Top Banner

Click here to load reader

The development of an objective methodology for the ... · PDF fileThe development of an objective methodology for ... of an objective methodology for the evaluation of drivers ...

Jan 31, 2018

ReportDownload

Documents

vuongnhi

  • Loughborough UniversityInstitutional Repository

    The development of anobjective methodology for theevaluation of drivers' field of

    view

    This item was submitted to Loughborough University's Institutional Repositoryby the/an author.

    Citation: MARSHALL, R. and SUMMERSKILL, S., 2015. The developmentof an objective methodology for the evaluation of drivers' field of view. ProcediaManufacturing, 3, pp. 37093716.

    Additional Information:

    This paper was presented at the 6th International Conference on AppliedHuman Factors and Ergonomics AHFE 2015 and the Affiliated Confer-ences, Caesar's Palace, Las Vegas, USA and published in Procedia Man-ufacturing by Elsevier under a CC BY NC ND licence.

    Metadata Record: https://dspace.lboro.ac.uk/2134/18799

    Version: Published

    Publisher: c The Authors. Published by Elsevier B.V.

    Rights: This work is made available according to the conditions of the Cre-ative Commons Attribution-NonCommercial-NoDerivatives 4.0 International(CC BY-NC-ND 4.0) licence. Full details of this licence are available at:https://creativecommons.org/licenses/by-nc-nd/4.0/

    Please cite the published version.

    https://dspace.lboro.ac.uk/2134/18799

  • 2351-9789 2015 The Authors. Published by Elsevier B.V. This is an open access article under the CC BY-NC-ND license (http://creativecommons.org/licenses/by-nc-nd/4.0/).Peer-review under responsibility of AHFE Conferencedoi: 10.1016/j.promfg.2015.07.801

    Procedia Manufacturing 3 ( 2015 ) 3709 3716

    Available online at www.sciencedirect.com

    ScienceDirect

    6th International Conference on Applied Human Factors and Ergonomics (AHFE 2015) and the Affiliated Conferences, AHFE 2015

    The development of an objective methodology for the evaluation of drivers field of view

    Russell Marshall*, Steve Summerskill Loughborough Design School, Loughborough University, Loughborough, LE11 3TU, UK

    Abstract

    This paper presents research into driver vision and methods to quantify the field of view afforded a driver through a combination of direct vision (through windows) and indirect vision (through mirrors). Focusing primarily on Large Goods Vehicles (LGVs) a 3D projection technique has been developed to allow the field of view to be projected to form a visible volume of space representing what can be seen by the driver. This projection technique has previously been used in a qualitative manner to assess the presence of blind spots in proximity to LGVs and the degree to which other road users may be visible to the driver. To supplement this qualitative assessment a new quantitative, objective measure of field of view has been developed and implemented in the digital human modelling system SAMMIE. The objective measure involves the projection of the field of view afforded from a window aperture or via a mirror onto the surface of a sphere centered at the drivers eye point. The area of the resulting spherical polygon is calculated to provide an assessment of field of view that allows comparison between different vehicle configurations. 2015 The Authors. Published by Elsevier B.V. Peer-review under responsibility of AHFE Conference.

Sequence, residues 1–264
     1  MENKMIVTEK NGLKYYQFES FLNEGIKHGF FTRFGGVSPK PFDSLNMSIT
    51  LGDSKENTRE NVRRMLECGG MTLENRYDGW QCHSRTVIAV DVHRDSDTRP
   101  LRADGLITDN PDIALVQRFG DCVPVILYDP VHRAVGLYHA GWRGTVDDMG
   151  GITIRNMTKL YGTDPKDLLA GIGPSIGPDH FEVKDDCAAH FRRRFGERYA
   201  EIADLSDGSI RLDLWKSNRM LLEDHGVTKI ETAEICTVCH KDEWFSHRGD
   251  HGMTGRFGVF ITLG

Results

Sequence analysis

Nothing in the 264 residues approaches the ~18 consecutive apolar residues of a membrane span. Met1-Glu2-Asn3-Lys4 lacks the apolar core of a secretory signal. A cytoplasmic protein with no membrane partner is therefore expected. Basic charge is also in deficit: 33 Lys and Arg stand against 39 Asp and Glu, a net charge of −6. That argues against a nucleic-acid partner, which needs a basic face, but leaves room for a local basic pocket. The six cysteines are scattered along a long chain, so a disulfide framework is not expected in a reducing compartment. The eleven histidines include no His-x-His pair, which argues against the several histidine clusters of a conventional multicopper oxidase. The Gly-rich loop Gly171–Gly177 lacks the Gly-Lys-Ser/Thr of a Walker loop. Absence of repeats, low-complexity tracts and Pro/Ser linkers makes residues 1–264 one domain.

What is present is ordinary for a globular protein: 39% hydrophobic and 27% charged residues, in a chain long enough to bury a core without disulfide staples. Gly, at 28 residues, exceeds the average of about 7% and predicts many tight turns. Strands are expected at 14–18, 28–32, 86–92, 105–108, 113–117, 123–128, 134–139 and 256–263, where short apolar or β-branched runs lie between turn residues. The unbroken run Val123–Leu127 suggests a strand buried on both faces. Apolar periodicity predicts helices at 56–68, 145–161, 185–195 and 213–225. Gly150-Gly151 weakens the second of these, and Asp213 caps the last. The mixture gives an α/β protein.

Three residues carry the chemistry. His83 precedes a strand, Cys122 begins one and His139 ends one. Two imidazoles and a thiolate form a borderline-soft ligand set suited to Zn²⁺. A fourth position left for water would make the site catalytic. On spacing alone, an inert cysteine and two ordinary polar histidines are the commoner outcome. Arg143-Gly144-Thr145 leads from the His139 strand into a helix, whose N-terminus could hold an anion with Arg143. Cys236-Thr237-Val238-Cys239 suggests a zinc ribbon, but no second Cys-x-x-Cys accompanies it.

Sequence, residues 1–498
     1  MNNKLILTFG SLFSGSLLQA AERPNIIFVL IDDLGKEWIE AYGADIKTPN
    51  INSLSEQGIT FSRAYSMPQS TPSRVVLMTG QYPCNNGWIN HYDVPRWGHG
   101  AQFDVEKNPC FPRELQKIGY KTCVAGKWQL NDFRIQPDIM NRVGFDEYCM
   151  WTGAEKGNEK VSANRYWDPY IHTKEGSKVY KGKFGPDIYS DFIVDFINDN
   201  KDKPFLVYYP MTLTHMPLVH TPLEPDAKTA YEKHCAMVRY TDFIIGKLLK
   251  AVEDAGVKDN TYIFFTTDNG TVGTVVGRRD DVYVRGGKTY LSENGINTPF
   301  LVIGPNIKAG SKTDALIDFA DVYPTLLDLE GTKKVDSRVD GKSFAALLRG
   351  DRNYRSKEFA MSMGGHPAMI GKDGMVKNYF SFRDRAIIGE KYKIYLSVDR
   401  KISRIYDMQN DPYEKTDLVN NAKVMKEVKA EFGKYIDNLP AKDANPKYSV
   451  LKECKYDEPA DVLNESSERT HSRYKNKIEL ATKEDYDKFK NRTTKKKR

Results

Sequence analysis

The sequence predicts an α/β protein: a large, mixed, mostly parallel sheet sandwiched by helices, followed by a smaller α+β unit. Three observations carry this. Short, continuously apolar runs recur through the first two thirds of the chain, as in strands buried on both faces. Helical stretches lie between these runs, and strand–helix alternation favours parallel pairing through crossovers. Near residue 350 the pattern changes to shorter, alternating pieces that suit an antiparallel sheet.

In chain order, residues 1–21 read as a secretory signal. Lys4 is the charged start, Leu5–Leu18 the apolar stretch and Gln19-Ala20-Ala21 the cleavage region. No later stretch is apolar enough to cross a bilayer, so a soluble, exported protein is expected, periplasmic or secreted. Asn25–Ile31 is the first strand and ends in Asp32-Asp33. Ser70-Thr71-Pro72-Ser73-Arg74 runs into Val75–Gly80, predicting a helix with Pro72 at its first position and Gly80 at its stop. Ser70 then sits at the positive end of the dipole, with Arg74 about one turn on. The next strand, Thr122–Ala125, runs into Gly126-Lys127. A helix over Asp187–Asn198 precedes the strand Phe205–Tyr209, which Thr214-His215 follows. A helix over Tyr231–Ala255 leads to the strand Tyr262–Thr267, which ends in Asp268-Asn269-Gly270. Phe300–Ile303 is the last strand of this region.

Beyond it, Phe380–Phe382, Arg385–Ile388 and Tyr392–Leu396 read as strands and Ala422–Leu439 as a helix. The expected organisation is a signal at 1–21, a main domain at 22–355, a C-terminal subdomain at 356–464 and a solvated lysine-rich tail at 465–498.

Keywords: Vision; Digital human modelling; Field of view; Ergonomics; Cyclist safety; SAMMIE

    * Corresponding author. Tel.: +44 1509-222669.

    E-mail address: [email protected]

    2015 The Authors. Published by Elsevier B.V. This is an open access article under the CC BY-NC-ND license (http://creativecommons.org/licenses/by-nc-nd/4.0/).Peer-review under responsibility of AHFE Conference

    http://crossmark.crossref.org/dialog/?doi=10.1016/j.promfg.2015.07.801&domain=pdfhttp://crossmark.crossref.org/dialog/?doi=10.1016/j.promfg.2015.07.801&domain=pdf

  • 3710 Russell Marshall and Steve Summerskill / Procedia Manufacturing 3 ( 2015 ) 3709 3716

    Fig. 1. Basic Illustration of the impact of driver eye height on FOV. Volkswagen Golf M1 Car (top), Volvo FM N3 LGV (bottom).

    1. Introduction

    This paper presents research into driver vision and methods to quantify the field of view (FOV) afforded a driver through a combination of direct vision (through windows) and indirect vision (through mirrors). Whilst vision is a primary safety issue for drivers of all vehicle types this research focuses on Large (or Heavy) Goods Vehicles (LGVs / HGVs) and in particular the largest category of these vehicles, designated as N3 in Europe and the UK. N3 vehicles are classified as good vehicles having four or more wheels and a maximum mass greater than 12 tonnes. Due to the weights and dimensions legislation that controls vehicle size in Europe most LGVs in Europe and the UK have the same basic configuration resulting in the distinctive flat fronted design, with the cab mounted directly above the engine. This configuration results in a relatively high cab and in particular a high driving position and eye point for the driver.